Shelley descending the stairs into the Guler Ice Cave
I had hoped to camp somewhere near or with a view of Mt Adams. We found a nice spot just off NF 23. It was a large, open area with a partially obstructed view of Mt Adams. It was still a great spot to prepare dinner.
Dinner with Mt Adams
On day 2, we traveled down NF 23 a bit to a marked Mt Adams view point. This stretch of road, with Mt Adams so close, was really a great area. There was one funky spot along the route that we stumbled upon, Babyshoe Pass. There’s a view point near here, but passerby’s have taken it upon themselves to nail baby shoes the sign post marking the pass.
Baby shoe pass
A little farther down the road, we took the time to pull into Takhlakh Lake for another view point of Mt Adams. This was the best view point of Mt Adams of the trip. All of us just hung out on the boat launch in awe of the view here.
Takhlakh Lake Campground is run by the Forest Service and, for $18 a day, would be a great spot for camping along the BDR. If you have a canoe or kayak, you could spend the day here and tool around on the lake under the gaze of Mt Adams.
Mt Adams from Takhlakh Lake
We finished up Section 1 when we pulled into Packwood for lunch. Rick did some provisioning at the grocery store and then we grabbed lunch at a little pizza place in town.
When leaving Packwood, you start Section 2 on US 12. This first portion takes you along the White Pass Byway as you cross over White Pass. There are a number of view points along the highway that are worth the stop. We stopped at the Palisades Viewpoint which is an interesting geological formation caused by a volcanic eruption about 9 miles away from the view point. A little further down the highway was our first good view of Mt Rainier on this trip. The last view point we stopped by before hitting the dirt again was the Clear Creek Falls Overlook.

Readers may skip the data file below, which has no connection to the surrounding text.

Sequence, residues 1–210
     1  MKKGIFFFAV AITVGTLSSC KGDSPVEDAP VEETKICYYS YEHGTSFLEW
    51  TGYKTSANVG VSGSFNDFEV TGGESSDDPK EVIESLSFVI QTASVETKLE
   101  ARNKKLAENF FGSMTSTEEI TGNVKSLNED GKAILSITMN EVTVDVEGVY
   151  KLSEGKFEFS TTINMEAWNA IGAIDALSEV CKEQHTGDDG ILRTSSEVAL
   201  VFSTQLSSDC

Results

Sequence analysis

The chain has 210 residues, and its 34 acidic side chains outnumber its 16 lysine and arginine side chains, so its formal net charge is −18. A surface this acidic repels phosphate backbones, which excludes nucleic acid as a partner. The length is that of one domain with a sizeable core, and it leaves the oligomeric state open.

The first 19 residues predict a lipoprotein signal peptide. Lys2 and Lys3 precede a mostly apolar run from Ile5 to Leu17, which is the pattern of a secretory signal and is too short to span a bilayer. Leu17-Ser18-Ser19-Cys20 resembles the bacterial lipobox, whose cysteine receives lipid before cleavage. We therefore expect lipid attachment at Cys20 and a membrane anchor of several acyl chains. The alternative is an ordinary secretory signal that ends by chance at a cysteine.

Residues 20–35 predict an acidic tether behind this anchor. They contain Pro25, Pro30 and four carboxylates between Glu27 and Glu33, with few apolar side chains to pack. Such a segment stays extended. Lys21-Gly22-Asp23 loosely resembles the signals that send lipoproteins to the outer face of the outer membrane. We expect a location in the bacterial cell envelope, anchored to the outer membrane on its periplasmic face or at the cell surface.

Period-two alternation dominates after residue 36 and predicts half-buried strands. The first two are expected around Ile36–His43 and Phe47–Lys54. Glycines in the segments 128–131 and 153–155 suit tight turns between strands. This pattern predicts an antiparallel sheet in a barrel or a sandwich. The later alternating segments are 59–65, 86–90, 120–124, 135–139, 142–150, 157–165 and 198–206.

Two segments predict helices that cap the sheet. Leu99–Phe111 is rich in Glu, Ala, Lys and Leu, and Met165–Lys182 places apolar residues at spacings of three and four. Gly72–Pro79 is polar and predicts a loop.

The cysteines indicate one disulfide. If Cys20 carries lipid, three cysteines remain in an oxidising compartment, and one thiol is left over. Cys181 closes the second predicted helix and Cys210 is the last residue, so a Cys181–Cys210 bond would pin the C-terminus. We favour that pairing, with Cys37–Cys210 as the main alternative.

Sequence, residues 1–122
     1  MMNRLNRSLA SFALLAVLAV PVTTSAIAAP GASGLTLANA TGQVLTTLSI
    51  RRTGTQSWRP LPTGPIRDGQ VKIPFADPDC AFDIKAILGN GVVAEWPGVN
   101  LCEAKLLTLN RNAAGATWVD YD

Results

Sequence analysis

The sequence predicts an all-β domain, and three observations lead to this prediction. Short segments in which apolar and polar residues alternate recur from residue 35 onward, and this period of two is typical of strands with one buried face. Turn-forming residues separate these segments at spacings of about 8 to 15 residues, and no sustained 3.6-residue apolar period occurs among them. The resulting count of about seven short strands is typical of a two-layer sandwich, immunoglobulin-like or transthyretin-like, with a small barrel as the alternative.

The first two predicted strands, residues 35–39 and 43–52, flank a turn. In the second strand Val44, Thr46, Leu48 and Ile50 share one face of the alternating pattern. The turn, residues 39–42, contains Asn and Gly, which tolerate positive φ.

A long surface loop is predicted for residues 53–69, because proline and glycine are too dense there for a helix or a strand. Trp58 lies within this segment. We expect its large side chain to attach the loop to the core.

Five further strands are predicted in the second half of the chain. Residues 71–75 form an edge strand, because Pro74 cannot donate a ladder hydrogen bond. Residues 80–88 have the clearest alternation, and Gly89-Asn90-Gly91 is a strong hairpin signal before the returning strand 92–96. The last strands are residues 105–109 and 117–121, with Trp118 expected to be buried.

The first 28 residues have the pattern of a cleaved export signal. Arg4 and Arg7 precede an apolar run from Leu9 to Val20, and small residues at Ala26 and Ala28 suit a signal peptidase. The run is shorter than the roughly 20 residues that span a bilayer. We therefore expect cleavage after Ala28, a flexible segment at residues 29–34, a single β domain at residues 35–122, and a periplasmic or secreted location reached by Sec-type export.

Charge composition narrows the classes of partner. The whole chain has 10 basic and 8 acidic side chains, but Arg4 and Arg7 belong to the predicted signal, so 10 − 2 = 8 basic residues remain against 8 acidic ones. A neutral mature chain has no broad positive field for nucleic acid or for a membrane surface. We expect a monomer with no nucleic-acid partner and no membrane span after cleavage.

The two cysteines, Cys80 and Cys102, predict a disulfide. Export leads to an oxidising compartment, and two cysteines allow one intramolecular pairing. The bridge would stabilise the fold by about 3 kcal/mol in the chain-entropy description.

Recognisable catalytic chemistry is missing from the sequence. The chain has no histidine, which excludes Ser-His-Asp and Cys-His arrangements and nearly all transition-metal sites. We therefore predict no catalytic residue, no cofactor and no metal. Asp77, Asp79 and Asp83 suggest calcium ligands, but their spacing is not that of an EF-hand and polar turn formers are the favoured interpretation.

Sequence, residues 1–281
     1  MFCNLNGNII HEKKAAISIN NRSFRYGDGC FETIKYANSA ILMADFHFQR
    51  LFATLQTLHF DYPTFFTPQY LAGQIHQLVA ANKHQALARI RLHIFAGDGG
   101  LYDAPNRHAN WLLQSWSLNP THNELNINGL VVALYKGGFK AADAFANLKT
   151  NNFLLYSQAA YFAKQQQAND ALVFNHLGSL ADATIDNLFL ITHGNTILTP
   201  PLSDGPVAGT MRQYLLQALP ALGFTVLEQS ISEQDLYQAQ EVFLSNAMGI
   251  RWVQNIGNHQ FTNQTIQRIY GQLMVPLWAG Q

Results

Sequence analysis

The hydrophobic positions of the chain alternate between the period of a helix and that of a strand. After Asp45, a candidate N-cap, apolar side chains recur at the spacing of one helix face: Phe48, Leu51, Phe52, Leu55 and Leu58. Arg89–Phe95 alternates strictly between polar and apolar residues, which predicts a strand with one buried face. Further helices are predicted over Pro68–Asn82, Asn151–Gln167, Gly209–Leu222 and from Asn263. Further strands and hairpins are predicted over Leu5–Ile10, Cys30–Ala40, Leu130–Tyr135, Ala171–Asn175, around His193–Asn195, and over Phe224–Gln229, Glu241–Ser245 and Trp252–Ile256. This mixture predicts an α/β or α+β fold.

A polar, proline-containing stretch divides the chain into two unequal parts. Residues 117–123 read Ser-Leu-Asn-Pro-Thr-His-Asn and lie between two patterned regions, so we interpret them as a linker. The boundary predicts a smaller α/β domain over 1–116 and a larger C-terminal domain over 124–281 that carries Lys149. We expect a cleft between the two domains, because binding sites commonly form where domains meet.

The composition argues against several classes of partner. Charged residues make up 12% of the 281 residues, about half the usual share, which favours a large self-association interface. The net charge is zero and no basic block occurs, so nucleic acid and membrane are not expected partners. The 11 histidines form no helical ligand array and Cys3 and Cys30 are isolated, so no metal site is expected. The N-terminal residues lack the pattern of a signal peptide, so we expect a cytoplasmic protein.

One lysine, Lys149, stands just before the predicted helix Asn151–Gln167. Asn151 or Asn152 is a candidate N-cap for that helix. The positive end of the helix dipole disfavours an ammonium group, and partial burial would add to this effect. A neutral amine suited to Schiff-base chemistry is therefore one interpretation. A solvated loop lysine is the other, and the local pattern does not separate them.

Shelley and I at the Mt Rainier viewpoint
Clear Creek Falls Overlook
After passing by Rimrock Lake you intersect with NF-1500 and go back onto dirt.
I was really looking forward to this portion of Section 2 as this is when you climb up to Bethel Ridge. I had heard a lot about Bethel Ridge and was really looking forward to the climb. The switch backs are very big and did not pose any issues for us. The road does get steep in parts and the truck certainly had to work on this climb.